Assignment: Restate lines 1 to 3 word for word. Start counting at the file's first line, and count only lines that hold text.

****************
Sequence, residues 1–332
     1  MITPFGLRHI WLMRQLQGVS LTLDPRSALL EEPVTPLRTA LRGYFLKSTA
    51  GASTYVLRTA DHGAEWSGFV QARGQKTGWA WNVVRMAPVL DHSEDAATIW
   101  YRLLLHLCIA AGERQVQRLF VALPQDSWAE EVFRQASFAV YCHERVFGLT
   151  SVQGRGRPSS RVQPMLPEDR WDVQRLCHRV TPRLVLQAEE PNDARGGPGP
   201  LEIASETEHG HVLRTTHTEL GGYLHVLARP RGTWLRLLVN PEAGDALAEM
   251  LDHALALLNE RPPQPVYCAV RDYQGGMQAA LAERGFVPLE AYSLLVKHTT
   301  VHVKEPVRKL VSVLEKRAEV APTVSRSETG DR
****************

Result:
Sequence, residues 1–332
     1  MITPFGLRHI WLMRQLQGVS LTLDPRSALL EEPVTPLRTA LRGYFLKSTA
    51  GASTYVLRTA DHGAEWSGFV QARGQKTGWA WNVVRMAPVL DHSEDAATIW